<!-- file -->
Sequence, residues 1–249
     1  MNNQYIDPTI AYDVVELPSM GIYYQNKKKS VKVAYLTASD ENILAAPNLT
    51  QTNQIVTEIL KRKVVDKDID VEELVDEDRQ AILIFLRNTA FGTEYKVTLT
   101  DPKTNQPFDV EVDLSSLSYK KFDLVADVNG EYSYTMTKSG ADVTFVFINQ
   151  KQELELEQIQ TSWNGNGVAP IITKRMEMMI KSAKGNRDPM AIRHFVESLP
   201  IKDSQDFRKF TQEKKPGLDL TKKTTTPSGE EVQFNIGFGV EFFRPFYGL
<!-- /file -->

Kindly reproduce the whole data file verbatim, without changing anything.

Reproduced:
Sequence, residues 1–249
     1  MNNQYIDPTI AYDVVELPSM GIYYQNKKKS VKVAYLTASD ENILAAPNLT
    51  QTNQIVTEIL KRKVVDKDID VEELVDEDRQ AILIFLRNTA FGTEYKVTLT
   101  DPKTNQPFDV EVDLSSLSYK KFDLVADVNG EYSYTMTKSG ADVTFVFINQ
   151  KQELELEQIQ TSWNGNGVAP IITKRMEMMI KSAKGNRDPM AIRHFVESLP
   201  IKDSQDFRKF TQEKKPGLDL TKKTTTPSGE EVQFNIGFGV EFFRPFYGL